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the rational reconstruction and critique of the motivations of human actions and institutions, and hence, to the reconstruction and critique of the functional domain of possible ideology. Hence, it is clear that, to show the irrelevance of the second topos of obsolescence, one need not deny that in the nineteenth and early twentieth centuries the German philosophy of the Geisteswissenschaften was in many ways determined by ideological, romantic, and naturalistic resentments. The questionable character of ideologies, however, whether on the level of lived cultural tradition or the level of their scientific reconstruction, cannot be exposed or critically destroyed with the help of causal-explanatory methods alone. It is decisive for the relevance of the E-V dichotomy that it, rather, requires the assistance of purposive-rational and meaning-rational interpretive methods. To this extent, the rationality of reconstructive understanding appears as the only possible way of continuing and expanding the Enlightenment beyond its natural scientific orientation into the sociocultural domain to which natural

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science itself, as a human activity, belongs. Hence, as an objection to the relevance of the E-V controversy, only that of the neopositivist logic of science remains, according to which the problem of "understanding" can be reduced to a complex of questions external to the logic of explanation and which are interesting only from a psychological-pragmatic point of view. This objection, however, is neither exclusively nor primarily directed against the relevance of the E-V controversy; rather, it is the basic argument for the logic of explanation of unified science, and therefore constitutes a position within the controversy. In this book I criticize this position from a "transcendental-pragmatic perspective," offering an alternative to the paradigmatic argument of the logic of science.
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Translator's Introduction 1. J. G. Droysen, Grundriss der Historik (1858/68), republished in Droysen, Historik. Vorlesung ber Enzklopdie und Methodologie der Geschichte , ed. R. Hbner (Munich, 1957). L. von Ranke, Aus Werk und Nachlass, ed. Walter Peter Fuch and Theodore Schieder (Munich, 1964). 2. Dilthey, Der Aufbau der geschichtlichen Welt in den Geisteswissenschaften (Frankfurt, 1970). 3. C. Hempel, "The Function of General Laws in History," in Hempel, Aspects of Scientific Explanation (London, 1965). 4. Dray, Laws and Explanation in History (Oxford, 1957). 5. See, for example, P. Winch, The Idea of a Social Science and Its Relation to Philosophy (New York, 1958); "Understanding a Primitive Society," in Bryan Wilson, ed., Rationality (New York, 1971); A. T. Meldon, Free Action (London, 1961); C. Taylor, "Interpretation and the Sciences of Man," in Understanding and Social Inquiry , ed. F. Dallmayr and T. McCarthy (Notre Dame, Ind., 1977); G. H. von Wright, Explanation and Understanding (Ithaca, N.Y., 1971). 6. See M. Brodbeck, "Meaning and Action," in Readings in the Philosophy of the Social Sciences , ed. M. Brodbeck, 1968); and R. Rorty, "Method and Morality," in Social Science as Moral Inquiry , ed. N. Haan et al. (New York, 1983). 7. Taylor, "Interpretation." 8. Winch, Idea of a Social Science, p. 118. 9. Winch, "Understanding a Primitive Society." 10. Gadamer, Wahrheit und Methode (Tbingen, 1960). English, Truth and Method (New York, 1975). 11. Below, p. 82.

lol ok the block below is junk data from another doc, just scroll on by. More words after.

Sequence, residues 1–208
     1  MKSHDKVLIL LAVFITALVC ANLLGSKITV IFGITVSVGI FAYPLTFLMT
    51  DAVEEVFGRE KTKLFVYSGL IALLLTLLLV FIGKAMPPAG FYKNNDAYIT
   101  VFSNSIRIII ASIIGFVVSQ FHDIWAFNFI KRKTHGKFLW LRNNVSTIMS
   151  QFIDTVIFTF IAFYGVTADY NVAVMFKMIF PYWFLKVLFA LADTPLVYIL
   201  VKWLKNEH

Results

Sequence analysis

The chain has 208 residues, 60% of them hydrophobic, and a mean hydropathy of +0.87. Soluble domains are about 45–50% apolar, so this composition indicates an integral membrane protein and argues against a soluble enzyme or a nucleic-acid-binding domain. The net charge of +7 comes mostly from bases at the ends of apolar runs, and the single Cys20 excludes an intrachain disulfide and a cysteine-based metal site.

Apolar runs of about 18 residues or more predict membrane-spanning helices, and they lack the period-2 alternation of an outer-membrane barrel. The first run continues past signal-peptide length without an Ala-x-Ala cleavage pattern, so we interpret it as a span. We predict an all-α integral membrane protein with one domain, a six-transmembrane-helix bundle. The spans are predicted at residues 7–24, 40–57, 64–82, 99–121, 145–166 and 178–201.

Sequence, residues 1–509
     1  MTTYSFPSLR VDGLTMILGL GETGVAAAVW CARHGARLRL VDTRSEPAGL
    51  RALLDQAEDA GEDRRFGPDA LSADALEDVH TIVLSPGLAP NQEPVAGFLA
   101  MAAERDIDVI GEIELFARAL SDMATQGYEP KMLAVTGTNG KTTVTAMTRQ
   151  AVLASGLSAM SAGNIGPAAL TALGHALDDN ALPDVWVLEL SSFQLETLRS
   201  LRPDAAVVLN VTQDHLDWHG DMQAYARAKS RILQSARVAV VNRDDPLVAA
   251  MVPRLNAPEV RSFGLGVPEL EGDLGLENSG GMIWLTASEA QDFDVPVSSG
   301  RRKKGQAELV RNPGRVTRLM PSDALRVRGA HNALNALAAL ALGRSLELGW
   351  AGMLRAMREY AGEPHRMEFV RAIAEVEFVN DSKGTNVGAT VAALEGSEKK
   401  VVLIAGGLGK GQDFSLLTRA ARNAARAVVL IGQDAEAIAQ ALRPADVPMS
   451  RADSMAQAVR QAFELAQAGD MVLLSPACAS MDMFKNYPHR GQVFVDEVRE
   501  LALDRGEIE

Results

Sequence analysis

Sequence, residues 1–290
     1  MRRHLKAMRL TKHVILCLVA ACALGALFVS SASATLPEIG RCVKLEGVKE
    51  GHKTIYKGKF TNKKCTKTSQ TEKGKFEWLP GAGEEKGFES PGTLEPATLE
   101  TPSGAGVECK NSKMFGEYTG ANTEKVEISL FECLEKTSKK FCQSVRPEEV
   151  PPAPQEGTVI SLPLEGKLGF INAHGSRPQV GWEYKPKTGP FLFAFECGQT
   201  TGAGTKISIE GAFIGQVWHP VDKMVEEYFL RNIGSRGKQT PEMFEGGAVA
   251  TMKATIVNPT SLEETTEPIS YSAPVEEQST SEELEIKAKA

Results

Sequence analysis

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12. K.-O. Apel, "Szientistik, Hermeneutik, Ideologiekritik," in Apel, Transformation der Philosophie (Frankfurt, 1973); English translation in Towards a Transformation of Philosophy, trans. G. Adey and D. Frisby (London, 1980). 13. Habermas, Erkenntnis und Interesse (Frankfurt, 1968); trans. T. McCarthy (Boston, 1971), p. 271. 14. Below, p. 323. 15. A similar theory of cognitive, or "knowledge-constitutive," interests in the work of Habermas has been subjected to important criticisms; see, for example, T. McCarthy, The Critical Theory of Jrgen Habermas (Cambridge, Mass.,

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1978), pp. 92ff. Introduction 1. J. G. Droysen, "Grundriss der Historik" (1858/68), in Historik, Vorlesung ber Enzyklopdie und Methodologie der Geschichte , ed. R. Hbner (Munich, 1937). On Droysen see E. Rothaker, Mensch und Geschichte (Bonn, 1950), pp. 49ff.; J. Rsen, Begriffene Geschichte, Genesis und Begrundung der Geschichtstheorie J. G. Droysens (Paderborn, 1969), and "J. G. Droysen," in Deutscher Historiker, vol. 2, ed. H. U. Wehler (Gttingen, 1971); H. Schndelbach, Geschichtsphilosophie nach Hegel (Freiburg/Munich, 1974). 2. Droysen, "Grundriss," no. 9. 3. Ibid., no. 10. 4. See F. D. E. Schleiermacher, Hermeneutik und Kritik , ed. M. Frank (Frankfurt, 1977); A. Boeckh, Enzyklopdie und Methodologie der philologischen Wissenschaften (Leipzig, 1877); W. Dilthey, LebenSchleiermachers, ed. M. von Redeker, in Gesammelte Schriften (1914ff.; hereafter GS), vol. 14; H. G. Gadamer, Wahrheit und Methode (Tbingen, 1960); English, Truth and Method, (New York, 1975); and H. Kimmerle, Die Hermeneutik Schleiermachers in Zusammenhang seines spekulativen Denkens (Heidelberg, 1957). 5. On the history of hermeneutics see W. Dilthey, "Die Enstehung der Hermeneutik" (1900), in GS, vol. 5; J. Wach, Das Verstehen, Grundzge einer Geschichte der hermeneutischen Theorie im 19. Jahrhundert , 3 vols. (Tbingen, 1926 33). 6. Droysen, "Grundriss," no. 10. 7. Droysen, Historik , p. 25. 8. Droysen, "Grundriss," no. 12. 9. Ibid., no. 37. 10. See J. S. Mill, A System of Logic Ratiocinative and Inductive (London, 1843). In Logik und Systematik der Geisteswissenschaften (Munich, 1926), E. Rothaker claims that J. Schiel's translation of Mill's term moral sciences as Geisteswissenschaften first introduced the latter term into the German language. Moreover, he suggests that the translation was itself preconditioned by the tradition of the Geisteswissenschaft (singular) in the Hegelian school and especially by the work of Fr. T. Visher and K. Chr. Fr. Krause. On this terminology, see also A. Diemer, "Geisteswissenschaften," in Historiker Wrterbuch der Philosophie , vol. 3 (1974). 11. W. Dilthey, Einleitung in die Geisteswissenschaften (1883), in GS, vol. 1. On Dilthey, see O. Bollnow Dilthey, Eine Einfhrung in sein Philosophie (Stuttgart, 1936); Gadamer, Wahrheit und Methode, pp.